Within learning institutions, LGBT students face social marginalization and social exclusion. Macgillivray and Jennings (2008) illustrate that LGBTs are confronted with different forms of devaluation including racism, social exclusion and sexism, and homophobia which deleteriously affect their social life and psychological well-being (Mustanski, Garofalo and Emerson, 2010). LGBT marginalization has negative impacts on their lives, it deprives them of their core contribution to social learning within learning systems. A study conducted by Espelage (2016) showed that appropriately 30% of LGBT student population reports ever being socially ostracized and excluded from attending equivalent educational opportunities to gender-conforming children. Regardless of whether LGBT rejection is imminent or hypothetical, it causes dejection and loneliness among LGBT students.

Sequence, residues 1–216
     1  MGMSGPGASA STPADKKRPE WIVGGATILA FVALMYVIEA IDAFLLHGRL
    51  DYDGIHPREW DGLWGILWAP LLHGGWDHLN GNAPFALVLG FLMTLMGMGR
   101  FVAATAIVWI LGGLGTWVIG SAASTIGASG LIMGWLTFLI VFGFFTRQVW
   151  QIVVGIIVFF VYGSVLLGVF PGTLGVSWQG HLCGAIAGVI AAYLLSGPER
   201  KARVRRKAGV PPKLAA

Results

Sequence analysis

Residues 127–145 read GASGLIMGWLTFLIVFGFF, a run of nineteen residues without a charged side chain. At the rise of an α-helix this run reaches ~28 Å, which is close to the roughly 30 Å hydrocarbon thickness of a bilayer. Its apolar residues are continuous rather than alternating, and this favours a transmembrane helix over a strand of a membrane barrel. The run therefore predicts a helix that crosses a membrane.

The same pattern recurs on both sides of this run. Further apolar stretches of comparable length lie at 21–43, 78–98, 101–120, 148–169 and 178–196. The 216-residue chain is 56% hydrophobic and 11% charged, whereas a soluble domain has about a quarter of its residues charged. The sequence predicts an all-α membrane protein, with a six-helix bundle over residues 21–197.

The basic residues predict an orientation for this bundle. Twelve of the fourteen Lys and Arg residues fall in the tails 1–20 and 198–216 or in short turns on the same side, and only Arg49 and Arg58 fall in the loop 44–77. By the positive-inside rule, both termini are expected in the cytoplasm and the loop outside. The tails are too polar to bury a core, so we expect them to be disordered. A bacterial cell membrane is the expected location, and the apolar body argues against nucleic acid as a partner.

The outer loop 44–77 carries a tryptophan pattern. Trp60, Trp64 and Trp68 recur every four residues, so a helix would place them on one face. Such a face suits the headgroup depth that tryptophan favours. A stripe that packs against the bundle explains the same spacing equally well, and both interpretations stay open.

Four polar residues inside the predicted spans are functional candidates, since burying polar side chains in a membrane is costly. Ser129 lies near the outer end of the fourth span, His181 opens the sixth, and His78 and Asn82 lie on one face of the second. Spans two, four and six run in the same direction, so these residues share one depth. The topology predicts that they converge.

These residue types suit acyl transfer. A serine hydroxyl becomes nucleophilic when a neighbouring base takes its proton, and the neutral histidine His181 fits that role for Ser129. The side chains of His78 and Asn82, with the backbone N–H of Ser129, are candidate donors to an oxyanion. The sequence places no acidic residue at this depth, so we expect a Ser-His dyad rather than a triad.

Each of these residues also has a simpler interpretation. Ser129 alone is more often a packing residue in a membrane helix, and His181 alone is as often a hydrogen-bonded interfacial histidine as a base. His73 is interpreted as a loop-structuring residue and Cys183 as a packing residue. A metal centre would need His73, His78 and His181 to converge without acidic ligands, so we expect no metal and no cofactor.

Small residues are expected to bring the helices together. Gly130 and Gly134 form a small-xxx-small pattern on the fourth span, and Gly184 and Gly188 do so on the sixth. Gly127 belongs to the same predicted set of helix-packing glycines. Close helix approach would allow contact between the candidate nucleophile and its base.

Moreover, Gidley, Hampson, Wheeler and Bereded-Samuel (2010) established that more than 40% of LGBT students faced psychological problems that affected their learning. Despite the fact that the LGBT movement has been legalized in some European countries, some societies are yet to come up with strategies to address challenges faced by LGBTs. Kosciw, Palmer, Kull and Greytak (2013) showed that LGBTs are suicidal due to an increase in stress and depression among the LGBT members. The harsh school environment that LGBT students face contributes to these suicidal tendencies (Ballenger, 2012). Additionally, LGBTs are involved in drug abuse due to segregation (Grant, Koskovich, Frazer and Bjerk, 2010). This is attributed to loneliness, rejection, and lack of love from their families. Other challenges include mental difficulties and psychological problems, school dropouts, poor performance among others.

2. Analysis